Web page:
Development Themes

Development Themes

Amine-modified mesoporous materials

RITE has developed a steam-resistant solid sorbent by grafting amino groups onto the surface of mesoporous silica. Mesoporous materials exhibit larger pore diameters (2–50 nm) and greater pore volumes than the microporous materials that are often used for gas capture and separation, allowing the size and amount of grafted amines to be tunable over a wide range (Figure 1). This solid sorbent is able to simplify the CO2 capture process and reduce the associated energy demands due to its steam resistance. Furthermore, reduced amine losses and improved ease of handling are also expected by immobilization of the amine on the solid support.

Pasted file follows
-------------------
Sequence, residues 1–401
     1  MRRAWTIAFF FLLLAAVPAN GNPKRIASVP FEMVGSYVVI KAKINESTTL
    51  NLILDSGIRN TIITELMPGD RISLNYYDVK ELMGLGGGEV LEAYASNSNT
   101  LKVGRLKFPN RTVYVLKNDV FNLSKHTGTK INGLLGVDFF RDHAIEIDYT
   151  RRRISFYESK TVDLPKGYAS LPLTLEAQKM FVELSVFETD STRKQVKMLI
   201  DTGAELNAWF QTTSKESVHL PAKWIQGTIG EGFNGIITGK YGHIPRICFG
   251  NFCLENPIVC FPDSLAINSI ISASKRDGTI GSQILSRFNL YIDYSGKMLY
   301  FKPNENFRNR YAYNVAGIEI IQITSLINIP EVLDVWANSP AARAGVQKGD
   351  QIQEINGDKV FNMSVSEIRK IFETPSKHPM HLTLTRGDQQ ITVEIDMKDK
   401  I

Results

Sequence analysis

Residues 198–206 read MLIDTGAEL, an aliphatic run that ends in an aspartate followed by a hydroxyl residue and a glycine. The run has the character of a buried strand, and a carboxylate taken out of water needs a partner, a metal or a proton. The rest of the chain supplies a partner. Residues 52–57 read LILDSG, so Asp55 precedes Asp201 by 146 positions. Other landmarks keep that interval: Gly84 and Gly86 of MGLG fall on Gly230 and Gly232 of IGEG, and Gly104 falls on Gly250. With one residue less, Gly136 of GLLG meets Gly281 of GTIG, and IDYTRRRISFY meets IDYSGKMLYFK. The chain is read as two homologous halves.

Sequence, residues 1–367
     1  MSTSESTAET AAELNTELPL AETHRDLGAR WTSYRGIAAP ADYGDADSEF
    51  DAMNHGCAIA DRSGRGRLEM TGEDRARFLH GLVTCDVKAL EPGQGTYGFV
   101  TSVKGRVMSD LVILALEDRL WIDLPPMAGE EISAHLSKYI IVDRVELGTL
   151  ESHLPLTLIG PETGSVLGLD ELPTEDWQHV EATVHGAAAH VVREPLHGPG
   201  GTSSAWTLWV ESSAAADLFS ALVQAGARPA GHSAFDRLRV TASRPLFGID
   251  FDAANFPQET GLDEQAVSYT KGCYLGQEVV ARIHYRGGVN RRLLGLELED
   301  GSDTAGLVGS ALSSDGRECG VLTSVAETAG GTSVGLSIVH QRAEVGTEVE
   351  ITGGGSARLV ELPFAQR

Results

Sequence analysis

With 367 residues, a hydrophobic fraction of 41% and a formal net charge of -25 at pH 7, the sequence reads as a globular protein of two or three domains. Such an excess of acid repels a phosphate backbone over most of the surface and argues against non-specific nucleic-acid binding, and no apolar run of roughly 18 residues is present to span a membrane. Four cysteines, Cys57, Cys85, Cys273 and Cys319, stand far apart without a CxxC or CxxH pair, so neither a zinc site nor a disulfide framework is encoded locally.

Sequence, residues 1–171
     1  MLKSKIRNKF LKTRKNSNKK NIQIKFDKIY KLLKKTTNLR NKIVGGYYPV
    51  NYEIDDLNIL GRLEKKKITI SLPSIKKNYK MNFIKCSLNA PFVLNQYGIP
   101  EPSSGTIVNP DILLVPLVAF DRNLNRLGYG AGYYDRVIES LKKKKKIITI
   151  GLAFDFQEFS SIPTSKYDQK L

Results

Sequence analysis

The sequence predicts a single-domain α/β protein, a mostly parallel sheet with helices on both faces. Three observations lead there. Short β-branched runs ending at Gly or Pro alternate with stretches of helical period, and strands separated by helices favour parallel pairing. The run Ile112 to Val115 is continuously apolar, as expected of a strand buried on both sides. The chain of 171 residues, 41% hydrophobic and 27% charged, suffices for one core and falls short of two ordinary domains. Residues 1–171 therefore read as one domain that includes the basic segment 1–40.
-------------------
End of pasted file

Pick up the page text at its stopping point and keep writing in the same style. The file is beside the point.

Solid supports may have a variety of chemical compositions, pore morphologies and surface functional groups. The associated range of designs thus allows the synthesis of novel materials for CO2 capture with high adsorption/desorption performance. RITE has found that a solid sorbent with densely grafted amine groups exhibits high CO2 adsorption performance under wet conditions. This is possible because the formation of carbamates (R2NCOO) by reaction of amine groups and CO2 is not affected by moisture above 60 °C. As an example, the absorbent triamine-grafted MSU-H (TA/MSUH) shows CO2 adsorption performance under wet conditions similar to that of Zeolite 13X under dry conditions. This property could allow omission of the dehumidification process typically required prior to CO2 absorption, resulting in a reduction in the size of the process equipment. Recently, we have also investigated the application of this material to life support in space.

 

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